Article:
Since my mid-December forecast, more person-level data has arrived. Denmark analyzed 2,225 Omicron cases. Canada, about 6,000. The UK analyzed over 200,000. Each found about half the amount of hospitalizations compared to Delta.
Research from Denmark found fewer hospitalizations and went further at examining the chains of transmission. The study found that unvaccinated were twice as likely to transmit Omicron and twice as likely to become infected. The implication for the US is that areas with lower vaccination rates will be hit harder as Omicron spreads.
There has not yet been an effort at a Meta Analysis to combine the studies, so I’ll replay the key results of the largest among the studies, the UK Study.
Overall: UK study suggests Omicron is less severe than Delta with 53% fewer hospitalizations per 100,000 cases (remarkably close to the 57% decrease observed in the aggregate data trends).
With Omicron, Vaccines reduce:
Hospitalization (by 65% with 2 doses, and 81% with three)
The UK study showed that by 20 weeks after the most recent vaccine dose, protection wanes.
The research shows Omicron is proficient at evading immunity, especially that induced via prior infection as opposed to induced by a vaccine booster.
Because there are so many more vaccinated people than unvaccinated people, expect to know more vaccinated people with a breakthrough infection – even though the odds of infection are higher for an unvaccinated person.
Omicron has shifted the ratio of infections from unvaccinated and vaccinated. Before Omicron, unvaccinated were 5x more likely to test positive for COVID and 14x more likely to die of COVID (10x more likely to test positive compared to booster 20x more likely to die compared to a booster). The gap will narrow with Omicron, perhaps to 2x, based on the data from Denmark. Still, even with a 2x difference in infections and 2x difference in transmission reported in Denmark, if this ratio is similar in the US, about 70% of all infections and transmissions will be driven by the unvaccinated.
With skyrocketing cases in the US, we are likely to see hospitals fill up, even though an Omicron infection, overall, is less likely to require hospitalizations.
Keep in mind, the UK has higher vaccination and booster rates than the US, so the US may see less of a decline in hospitalizations. I did not create a vaccination to hospital rate regression because five countries were too few. The five countries to “keep an eye on” have all seen the surge continue, and therefore the 10-country cohort may provide enough data to refine the projection of hospitalization rates as a function of vaccination rates in a country, state or county.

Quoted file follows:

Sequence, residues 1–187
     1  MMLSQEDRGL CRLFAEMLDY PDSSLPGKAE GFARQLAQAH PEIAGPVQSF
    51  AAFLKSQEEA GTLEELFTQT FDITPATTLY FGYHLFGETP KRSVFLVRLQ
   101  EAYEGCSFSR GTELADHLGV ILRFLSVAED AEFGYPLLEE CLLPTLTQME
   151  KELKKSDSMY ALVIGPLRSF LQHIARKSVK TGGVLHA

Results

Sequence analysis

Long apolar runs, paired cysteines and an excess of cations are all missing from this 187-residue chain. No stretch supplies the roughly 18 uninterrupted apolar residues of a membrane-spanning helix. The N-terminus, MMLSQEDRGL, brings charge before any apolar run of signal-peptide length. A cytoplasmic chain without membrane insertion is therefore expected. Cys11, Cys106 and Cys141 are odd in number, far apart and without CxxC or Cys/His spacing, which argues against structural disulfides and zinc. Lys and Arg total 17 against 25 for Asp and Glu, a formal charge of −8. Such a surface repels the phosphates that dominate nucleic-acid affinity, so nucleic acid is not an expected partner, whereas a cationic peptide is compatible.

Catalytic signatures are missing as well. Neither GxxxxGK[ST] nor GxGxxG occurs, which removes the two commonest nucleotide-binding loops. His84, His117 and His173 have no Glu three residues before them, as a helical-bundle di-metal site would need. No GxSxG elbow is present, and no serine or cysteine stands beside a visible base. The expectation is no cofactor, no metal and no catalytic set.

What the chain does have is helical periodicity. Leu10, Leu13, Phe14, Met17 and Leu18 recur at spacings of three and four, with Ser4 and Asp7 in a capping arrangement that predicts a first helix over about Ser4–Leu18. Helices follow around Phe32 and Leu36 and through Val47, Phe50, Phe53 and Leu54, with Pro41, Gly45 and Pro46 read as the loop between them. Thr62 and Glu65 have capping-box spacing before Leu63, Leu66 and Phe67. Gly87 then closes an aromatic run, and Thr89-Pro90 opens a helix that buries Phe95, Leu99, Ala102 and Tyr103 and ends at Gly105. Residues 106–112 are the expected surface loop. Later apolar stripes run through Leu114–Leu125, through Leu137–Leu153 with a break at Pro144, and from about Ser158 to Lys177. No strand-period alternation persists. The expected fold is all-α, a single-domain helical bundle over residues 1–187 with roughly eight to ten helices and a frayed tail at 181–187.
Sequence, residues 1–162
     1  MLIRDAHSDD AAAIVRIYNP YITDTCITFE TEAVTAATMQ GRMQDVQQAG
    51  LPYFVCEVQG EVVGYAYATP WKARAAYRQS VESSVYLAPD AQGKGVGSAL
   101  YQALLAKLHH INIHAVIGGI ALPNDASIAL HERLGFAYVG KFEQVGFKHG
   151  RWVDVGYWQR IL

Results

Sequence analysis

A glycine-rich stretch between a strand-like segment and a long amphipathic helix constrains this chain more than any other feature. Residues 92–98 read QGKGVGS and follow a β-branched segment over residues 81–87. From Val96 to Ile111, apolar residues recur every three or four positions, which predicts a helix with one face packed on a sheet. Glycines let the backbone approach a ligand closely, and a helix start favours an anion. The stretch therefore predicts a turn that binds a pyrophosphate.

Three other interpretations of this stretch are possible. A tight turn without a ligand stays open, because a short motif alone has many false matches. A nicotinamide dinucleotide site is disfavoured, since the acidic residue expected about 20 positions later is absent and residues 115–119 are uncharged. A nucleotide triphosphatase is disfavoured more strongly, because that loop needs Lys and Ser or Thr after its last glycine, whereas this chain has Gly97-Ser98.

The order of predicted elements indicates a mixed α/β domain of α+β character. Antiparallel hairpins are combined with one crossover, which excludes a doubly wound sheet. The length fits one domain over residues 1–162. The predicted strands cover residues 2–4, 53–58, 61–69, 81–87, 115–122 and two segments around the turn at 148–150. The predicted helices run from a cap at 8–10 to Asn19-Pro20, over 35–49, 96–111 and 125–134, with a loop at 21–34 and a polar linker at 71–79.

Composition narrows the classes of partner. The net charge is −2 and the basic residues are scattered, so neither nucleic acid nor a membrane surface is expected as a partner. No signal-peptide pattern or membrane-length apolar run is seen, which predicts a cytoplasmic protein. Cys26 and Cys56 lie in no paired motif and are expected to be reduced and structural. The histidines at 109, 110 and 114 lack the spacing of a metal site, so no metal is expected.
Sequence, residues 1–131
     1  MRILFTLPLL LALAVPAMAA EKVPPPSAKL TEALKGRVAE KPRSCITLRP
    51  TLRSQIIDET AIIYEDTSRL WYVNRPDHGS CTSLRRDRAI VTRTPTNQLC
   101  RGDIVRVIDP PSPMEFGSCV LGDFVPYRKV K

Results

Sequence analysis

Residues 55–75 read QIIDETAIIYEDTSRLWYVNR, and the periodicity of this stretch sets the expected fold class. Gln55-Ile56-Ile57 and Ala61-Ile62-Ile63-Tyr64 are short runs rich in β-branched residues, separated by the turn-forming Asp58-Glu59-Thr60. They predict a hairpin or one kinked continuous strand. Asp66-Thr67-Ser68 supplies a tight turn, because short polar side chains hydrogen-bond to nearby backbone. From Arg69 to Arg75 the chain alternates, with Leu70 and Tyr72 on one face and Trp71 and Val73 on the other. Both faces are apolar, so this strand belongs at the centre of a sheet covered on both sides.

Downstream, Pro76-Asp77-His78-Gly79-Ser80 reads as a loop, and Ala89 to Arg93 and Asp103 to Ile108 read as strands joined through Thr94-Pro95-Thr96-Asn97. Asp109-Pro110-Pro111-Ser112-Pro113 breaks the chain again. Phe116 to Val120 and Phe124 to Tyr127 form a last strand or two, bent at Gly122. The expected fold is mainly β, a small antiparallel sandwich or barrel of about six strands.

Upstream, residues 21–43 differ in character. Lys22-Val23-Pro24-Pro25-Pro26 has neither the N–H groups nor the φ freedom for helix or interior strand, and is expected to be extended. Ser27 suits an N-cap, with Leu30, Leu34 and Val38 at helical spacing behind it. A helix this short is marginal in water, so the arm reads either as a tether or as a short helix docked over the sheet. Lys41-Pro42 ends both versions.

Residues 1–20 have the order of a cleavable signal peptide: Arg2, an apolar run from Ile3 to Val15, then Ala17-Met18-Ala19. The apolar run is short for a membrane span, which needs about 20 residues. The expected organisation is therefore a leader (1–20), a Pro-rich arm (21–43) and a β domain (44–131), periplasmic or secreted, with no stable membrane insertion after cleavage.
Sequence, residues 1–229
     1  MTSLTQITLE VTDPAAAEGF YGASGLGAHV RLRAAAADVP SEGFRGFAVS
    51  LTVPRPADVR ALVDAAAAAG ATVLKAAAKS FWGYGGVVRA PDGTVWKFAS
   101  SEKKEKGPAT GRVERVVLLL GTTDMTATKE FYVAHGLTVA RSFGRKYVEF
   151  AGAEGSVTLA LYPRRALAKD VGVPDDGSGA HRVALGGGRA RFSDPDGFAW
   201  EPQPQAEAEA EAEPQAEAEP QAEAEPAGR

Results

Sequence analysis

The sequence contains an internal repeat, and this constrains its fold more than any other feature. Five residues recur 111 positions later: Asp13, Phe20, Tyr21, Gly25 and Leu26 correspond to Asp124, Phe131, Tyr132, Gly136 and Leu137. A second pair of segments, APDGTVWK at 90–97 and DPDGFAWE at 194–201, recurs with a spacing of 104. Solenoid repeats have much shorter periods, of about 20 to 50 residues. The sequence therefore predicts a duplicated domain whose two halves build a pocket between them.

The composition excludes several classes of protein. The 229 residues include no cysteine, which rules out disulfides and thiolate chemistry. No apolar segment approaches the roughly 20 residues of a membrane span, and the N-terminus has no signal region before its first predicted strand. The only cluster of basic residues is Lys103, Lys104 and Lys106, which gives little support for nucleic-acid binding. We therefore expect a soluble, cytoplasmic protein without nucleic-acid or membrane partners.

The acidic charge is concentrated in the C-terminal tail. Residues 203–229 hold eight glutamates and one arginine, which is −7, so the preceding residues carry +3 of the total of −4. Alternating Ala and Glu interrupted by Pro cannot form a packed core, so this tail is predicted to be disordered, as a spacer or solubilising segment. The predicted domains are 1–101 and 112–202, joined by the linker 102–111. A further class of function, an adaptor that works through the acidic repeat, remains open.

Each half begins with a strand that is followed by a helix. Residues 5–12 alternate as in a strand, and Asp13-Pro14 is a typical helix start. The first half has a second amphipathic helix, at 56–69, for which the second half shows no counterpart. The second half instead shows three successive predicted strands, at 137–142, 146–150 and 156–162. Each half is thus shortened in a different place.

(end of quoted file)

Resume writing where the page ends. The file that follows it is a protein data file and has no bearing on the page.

Considering that Red State and Red Counties in the US are half as likely to get the booster, we can expect higher hospitalization and deaths in these Red State regions.
The Denmark study showed vaccination and boosters reduce transmissibility. An unvaccinated person is 41% more likely to transmit and infect another household member than a person with two doses. An unvaccinated person is twice as likely (196%) to transmit and infect another household member compared to a boosted person. Therefore, a model should factor in the population of unvaccinated, vaccinated and boosted to predict where transmissions will grow faster. This suggests Red States and counties, with lower vaccination and booster rates will fare worse.
Coming off the Holidays and back to school/work, I expect cases to continue to climb in the US and peak around mid to late January. I expect this peak to offset the lower rate of hospitalization, causing a net increase in hospitalizations, and likely causing hospitals in the harder hit areas to run into capacity challenges, and therefore worse outcomes for patients. My hope was there might be some policy actions that would avert what I initially labeled “The Denmark Scenario.”
Is it really possible for US hospitals to fill, and the number of dead Americans from COVID to double in a matter of a few months?
Consider where the US is in this curve today relative to the UK and Denmark, and what hospitals might look like if we double again to approach where Denmark is now.
Chart 7: US cases per million people relative to counties with Omicron surges